Transport Bill heads to NCOP

Tuesday, March 5, 2013

Cape Town – Members of Parliament in the National Assembly on Tuesday voted on and passed the Transport Laws and Related Matters Amendment Bill, which will now be sent to the National Council of Provinces for concurrence.

If passed, the bill will make e-tolls and toll roads the preferable way to fund new highways, barring the outcome of a court case brought by the Opposition to Urban Tolling Alliance (Outa) against the National Treasury. Outa was granted leave to appeal in January by the North Gauteng High Court.

In a debate on the bill in the National Assembly earlier, the Minister of Transport Ben Martins pointed out that the use of toll tariffs had to be balanced with alternative routes upgrades, continued investment in public transport and stepping up regularity environment to support enforcement.

Amid criticism from opposition members, Martins asked how the country could find a viable way to fund infrastructure development. “It is our responsibility as government to take proper decisions that might be unpopular at certain times,” he said.

The minister said public interactions that the government had held with various stakeholders had found the fuel-levy to be the most favoured option to fund the Gauteng Freeway Improvement Project, rather than e-tolls.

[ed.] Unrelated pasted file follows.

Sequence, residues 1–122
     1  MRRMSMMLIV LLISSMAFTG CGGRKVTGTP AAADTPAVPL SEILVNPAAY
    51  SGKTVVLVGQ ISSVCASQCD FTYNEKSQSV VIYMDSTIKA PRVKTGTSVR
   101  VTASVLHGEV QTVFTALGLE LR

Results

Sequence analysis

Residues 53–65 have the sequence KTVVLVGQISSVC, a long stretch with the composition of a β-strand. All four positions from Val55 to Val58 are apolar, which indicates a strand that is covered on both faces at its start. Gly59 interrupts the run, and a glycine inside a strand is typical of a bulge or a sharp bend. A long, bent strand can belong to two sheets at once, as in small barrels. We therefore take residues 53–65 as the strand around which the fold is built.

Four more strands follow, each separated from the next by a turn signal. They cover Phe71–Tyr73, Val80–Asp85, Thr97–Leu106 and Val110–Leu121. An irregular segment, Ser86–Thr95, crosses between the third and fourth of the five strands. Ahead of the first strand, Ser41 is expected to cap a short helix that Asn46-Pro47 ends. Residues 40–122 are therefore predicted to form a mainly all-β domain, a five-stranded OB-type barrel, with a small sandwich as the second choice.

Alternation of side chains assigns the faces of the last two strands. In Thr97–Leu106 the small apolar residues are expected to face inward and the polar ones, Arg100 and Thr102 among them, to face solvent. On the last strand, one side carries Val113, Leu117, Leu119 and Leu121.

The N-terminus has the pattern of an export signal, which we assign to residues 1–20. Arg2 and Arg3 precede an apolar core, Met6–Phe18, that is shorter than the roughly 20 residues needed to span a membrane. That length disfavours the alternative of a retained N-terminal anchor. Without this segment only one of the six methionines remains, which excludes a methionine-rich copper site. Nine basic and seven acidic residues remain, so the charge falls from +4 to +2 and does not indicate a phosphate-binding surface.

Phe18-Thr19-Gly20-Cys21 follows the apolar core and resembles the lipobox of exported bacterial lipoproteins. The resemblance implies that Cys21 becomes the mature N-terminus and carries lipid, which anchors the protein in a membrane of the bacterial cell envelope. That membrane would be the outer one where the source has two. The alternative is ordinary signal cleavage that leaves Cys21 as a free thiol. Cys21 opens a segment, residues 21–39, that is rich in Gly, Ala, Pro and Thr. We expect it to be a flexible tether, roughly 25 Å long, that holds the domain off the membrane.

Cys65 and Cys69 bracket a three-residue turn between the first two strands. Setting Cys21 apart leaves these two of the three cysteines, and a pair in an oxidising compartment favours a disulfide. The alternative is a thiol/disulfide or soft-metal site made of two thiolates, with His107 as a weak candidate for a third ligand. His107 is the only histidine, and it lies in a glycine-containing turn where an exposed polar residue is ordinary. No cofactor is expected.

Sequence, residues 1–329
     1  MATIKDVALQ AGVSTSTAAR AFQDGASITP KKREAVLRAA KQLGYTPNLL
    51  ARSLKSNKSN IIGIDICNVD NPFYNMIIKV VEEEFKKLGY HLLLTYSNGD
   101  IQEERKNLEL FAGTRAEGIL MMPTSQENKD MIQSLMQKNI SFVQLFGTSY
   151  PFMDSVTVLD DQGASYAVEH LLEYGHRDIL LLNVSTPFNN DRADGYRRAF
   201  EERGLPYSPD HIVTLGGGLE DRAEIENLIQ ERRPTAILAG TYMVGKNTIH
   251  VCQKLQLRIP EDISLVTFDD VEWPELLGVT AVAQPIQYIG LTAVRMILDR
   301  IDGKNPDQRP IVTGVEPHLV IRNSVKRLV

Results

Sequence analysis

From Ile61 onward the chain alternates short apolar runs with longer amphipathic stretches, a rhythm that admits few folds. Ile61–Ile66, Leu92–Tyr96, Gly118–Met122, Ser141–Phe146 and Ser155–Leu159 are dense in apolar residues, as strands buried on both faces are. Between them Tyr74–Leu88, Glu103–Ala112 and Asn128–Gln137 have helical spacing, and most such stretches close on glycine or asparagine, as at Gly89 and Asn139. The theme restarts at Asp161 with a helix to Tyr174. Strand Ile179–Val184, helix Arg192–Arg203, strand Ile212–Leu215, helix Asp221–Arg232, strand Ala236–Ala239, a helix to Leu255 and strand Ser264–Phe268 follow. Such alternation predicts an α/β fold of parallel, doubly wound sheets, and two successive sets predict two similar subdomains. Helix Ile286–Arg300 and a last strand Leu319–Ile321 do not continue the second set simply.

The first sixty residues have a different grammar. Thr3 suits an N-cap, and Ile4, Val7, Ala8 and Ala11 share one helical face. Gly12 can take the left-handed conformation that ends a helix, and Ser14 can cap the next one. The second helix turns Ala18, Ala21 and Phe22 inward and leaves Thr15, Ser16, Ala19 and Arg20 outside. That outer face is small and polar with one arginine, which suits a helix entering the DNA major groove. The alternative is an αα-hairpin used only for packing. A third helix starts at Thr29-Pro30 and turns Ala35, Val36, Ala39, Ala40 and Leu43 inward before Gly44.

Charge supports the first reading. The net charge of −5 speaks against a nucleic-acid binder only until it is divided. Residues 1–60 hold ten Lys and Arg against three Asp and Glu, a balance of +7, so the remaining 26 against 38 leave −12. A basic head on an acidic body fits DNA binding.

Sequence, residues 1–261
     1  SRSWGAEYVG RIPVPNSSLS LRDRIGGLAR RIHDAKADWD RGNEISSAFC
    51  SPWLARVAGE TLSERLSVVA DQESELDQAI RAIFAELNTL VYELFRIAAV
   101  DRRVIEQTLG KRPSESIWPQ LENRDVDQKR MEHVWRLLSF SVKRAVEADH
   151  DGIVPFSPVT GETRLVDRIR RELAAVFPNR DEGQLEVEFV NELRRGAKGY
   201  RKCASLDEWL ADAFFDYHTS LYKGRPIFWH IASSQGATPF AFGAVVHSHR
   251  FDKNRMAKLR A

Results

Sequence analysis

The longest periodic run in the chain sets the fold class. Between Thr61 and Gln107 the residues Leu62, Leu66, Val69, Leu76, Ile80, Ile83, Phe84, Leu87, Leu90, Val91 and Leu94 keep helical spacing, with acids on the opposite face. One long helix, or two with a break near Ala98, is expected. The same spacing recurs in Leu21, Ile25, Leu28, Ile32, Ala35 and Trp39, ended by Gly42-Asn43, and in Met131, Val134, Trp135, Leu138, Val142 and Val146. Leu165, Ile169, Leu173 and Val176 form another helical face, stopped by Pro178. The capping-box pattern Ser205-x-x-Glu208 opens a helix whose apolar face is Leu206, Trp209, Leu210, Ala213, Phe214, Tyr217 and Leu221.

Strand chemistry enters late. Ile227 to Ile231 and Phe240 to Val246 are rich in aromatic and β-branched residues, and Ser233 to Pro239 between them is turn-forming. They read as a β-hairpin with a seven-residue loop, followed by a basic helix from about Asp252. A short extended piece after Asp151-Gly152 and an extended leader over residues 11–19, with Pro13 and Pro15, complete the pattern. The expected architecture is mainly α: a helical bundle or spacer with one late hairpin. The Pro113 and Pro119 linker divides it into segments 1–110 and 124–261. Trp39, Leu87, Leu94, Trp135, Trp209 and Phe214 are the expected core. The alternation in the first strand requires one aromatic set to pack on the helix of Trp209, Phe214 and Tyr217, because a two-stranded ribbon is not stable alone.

However, Martins said such an option – to use the fuel levy to fund the new freeways – would affect all those that buy fuel – not only Gauteng road users.

On top of this, trucks and heavy vehicles would pay the same as other vehicles even though they damage the roads more.

Thirdly, using the fuel levy would make it impossible to exempt certain kinds of users, such as those that utilise public transport or those vehicles for persons with disabilities.

During the debate, Martins said the SA National Road Agency Limited (Sanral) had issued bonds to fund the project, with costs now standing at R24 billion along with capitalised interest, leaving R3.4 billion that needs to be paid from toll revenue.

“The inability to collect revenue will damage the credit reputation of Sanral amongst investors and may price the bonds higher to cover the risk – this in turn would in turn have a negative impact on both Sanral and the government’s credit rating,” he said.

The Democratic Alliance’s Ian Ollis called for a referendum to be conducted next month by Gauteng Premier Nomvula Mokonyane on whether the public there want e-tolls.

Ollis said South Africa as a developing nation could not expect the public to afford tolls, which he calculated could cost up to R550 a month to Gauteng commuters.

He said there was plenty of time to conduct a referendum particularly as the Outa appeal is still pending.

Cope’s Pakiso Mbhele said he was also against the bill, while the IFP’s Koos van der Merwe said the bill would increase the costs for the taxpayers and businesses.

The Freedom Front Plus’s Anton Alberts warned that a massive civil disobedience campaign would get under way if e-tolls came into existence.

The ACDP’s Steve Swart questioned how the courts would deal with the expected non-compliance to e-tolls on an already overloaded courts system. –